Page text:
UK CAA to Review IFR Ops Outside of Controlled Airspace

The UK Civil Aviation Authority (CAA) has announced it plans an enhanced review of Instrument Flight Rules (IFR) flying outside of controlled airspace.  This is in response to a UK Air Accidents Investigation Branch (AAIB) recommendation in their final report on a serious incident involving a chartered executive Sikorsky S-76C++ G-WIWI in East Sussex on3 May 2012:

Safety Recommendation 2014-35:  It is recommended that the Civil Aviation Authority review the regulations that permit a helicopter engaged in public transport operations to descend below MSA for the purpose of landing, when flying in instrument meteorological conditions but not on a published approach procedure.

The review will be “broader and deeper” than originally planned based on feedback from the British Helicopter Association and an unnamed on-going accident investigation (most likely AgustaWestland AW139 G-LBAL, which crashed on a night take off in Norfolk in March 2014 UPDATE 11 Oct 2015: We discuss the AAIB report on that accident here: Fatal Night-time UK AW139 Accident Highlights Business Aviation Safety Lessons).

In the S-76C++ serious incident the helicopter descended towards tree tops after a discontinued night approach to a private landing site.  The occurrence gained tabloid press attention because Sir Paul McCartney was aboard.  In their report AAIB concluded:

The descent from above the minimum safe altitude was conducted in reduced visibility and low cloud conditions into an area with limited visual references. The helicopter was therefore brought close to terrain in an environment in which situational awareness could become degraded easily.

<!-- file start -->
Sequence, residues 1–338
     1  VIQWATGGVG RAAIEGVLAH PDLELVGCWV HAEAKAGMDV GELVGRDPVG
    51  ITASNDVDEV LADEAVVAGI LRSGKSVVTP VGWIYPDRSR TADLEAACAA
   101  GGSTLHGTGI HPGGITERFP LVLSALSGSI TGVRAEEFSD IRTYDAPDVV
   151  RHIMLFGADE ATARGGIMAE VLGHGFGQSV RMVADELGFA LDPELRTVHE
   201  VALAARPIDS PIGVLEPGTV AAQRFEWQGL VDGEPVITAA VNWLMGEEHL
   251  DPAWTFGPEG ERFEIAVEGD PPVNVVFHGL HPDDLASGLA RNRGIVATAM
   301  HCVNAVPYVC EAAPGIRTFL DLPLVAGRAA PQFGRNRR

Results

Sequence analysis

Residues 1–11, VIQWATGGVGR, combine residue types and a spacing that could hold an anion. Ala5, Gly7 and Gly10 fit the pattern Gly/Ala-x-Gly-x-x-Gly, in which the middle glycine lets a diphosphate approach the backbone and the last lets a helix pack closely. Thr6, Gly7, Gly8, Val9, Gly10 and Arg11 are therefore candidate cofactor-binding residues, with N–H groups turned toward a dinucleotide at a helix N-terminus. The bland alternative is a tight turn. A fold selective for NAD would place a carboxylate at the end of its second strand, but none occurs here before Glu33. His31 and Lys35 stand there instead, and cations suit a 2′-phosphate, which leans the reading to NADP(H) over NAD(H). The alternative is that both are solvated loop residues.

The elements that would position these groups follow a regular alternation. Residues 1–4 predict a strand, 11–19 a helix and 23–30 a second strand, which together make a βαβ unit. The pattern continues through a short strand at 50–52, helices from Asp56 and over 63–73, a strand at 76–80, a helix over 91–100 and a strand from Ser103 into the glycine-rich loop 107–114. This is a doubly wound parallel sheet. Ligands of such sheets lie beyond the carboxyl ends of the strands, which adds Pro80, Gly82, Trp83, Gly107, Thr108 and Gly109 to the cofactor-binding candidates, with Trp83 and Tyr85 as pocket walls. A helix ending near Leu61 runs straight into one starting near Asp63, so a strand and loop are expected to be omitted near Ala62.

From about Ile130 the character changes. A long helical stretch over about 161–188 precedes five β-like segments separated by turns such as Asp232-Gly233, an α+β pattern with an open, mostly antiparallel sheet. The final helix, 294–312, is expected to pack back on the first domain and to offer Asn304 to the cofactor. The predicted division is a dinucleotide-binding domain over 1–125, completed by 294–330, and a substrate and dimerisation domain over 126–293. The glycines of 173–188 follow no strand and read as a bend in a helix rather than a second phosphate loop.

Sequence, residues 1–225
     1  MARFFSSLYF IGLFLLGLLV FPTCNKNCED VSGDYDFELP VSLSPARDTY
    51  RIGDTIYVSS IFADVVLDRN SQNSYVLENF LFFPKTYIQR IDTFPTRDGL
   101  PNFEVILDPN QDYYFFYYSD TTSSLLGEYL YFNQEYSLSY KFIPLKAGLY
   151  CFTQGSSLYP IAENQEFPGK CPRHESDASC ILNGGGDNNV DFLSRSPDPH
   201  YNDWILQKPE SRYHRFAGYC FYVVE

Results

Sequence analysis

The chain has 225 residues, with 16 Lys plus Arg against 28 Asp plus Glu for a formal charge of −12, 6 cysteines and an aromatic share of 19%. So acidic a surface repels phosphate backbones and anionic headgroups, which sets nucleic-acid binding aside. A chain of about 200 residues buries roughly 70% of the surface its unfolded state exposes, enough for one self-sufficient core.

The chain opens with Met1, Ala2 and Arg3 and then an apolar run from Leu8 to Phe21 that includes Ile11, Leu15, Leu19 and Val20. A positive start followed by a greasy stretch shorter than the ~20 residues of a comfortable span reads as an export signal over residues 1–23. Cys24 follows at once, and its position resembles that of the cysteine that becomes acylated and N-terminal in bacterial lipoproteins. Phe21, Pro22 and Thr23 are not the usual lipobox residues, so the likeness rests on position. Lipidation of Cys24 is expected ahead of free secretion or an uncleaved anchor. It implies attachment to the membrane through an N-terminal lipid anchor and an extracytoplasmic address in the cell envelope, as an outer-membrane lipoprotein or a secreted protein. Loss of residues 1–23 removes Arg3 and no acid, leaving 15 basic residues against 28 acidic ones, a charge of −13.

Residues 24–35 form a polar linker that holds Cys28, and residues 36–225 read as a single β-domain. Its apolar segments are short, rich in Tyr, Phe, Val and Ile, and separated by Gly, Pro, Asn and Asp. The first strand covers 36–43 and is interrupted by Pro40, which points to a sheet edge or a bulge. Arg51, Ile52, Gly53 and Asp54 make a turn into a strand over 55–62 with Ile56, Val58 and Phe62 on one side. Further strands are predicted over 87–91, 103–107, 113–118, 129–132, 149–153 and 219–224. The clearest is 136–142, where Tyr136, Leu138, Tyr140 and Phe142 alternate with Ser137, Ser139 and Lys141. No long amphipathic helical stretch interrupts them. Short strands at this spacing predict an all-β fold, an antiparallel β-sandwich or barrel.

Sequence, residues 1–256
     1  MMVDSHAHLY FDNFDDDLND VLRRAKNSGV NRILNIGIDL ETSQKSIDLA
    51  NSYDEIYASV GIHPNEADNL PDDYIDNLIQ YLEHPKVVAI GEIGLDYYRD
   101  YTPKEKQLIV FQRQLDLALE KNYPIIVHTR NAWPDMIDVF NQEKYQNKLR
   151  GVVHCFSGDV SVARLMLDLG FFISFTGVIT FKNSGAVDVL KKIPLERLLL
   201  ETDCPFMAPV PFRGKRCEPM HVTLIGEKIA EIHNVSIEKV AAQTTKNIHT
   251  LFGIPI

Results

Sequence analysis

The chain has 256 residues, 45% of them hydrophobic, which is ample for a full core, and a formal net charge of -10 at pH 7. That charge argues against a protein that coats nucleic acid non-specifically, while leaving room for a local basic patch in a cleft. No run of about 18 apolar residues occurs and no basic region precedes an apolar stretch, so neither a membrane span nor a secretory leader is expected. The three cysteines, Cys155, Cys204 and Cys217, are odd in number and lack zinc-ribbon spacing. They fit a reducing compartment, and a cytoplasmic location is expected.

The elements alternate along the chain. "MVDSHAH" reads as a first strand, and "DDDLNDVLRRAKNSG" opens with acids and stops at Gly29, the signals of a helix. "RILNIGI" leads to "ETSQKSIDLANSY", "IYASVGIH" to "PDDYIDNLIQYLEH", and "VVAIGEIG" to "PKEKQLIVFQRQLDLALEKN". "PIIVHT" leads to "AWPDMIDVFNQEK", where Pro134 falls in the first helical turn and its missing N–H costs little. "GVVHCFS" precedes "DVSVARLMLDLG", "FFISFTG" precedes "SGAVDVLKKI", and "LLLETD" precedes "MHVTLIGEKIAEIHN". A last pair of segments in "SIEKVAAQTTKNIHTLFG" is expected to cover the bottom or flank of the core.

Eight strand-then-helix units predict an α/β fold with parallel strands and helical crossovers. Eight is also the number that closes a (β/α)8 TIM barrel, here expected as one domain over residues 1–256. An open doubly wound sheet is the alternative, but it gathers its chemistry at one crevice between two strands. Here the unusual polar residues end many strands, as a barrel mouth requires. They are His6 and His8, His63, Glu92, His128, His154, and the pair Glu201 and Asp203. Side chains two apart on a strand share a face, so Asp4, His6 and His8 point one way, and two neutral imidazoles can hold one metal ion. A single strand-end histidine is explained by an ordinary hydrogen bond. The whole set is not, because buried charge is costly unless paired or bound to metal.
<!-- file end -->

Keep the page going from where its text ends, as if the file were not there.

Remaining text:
The decision to execute an orbit around the landing site, in the circumstances pertaining, further increased the chances of situational awareness becoming degraded, whilst the helicopter was at low height above unlit and undulating terrain.

In the course of the orbit, the commander became spatially disorientated and the helicopter descended towards the tops of trees. Although the EGPWS issued warnings that the helicopter was approaching contact with the ground, the flight crew were not aware of these warnings.

Radar ground track (dark pink) and EGPWS GPS ground track (light blue) - (Credit: AAIB)

Radar ground track (dark pink) and EGPWS GPS ground track (light blue) – (Credit: AAIB)

The CAA review will be ‘multi-disciplinary’ and currently only may involve industry.  It is due to report in October 2015.

Aerossurance recently covered two Night Time HEMS Accidents in the US in March 2013.

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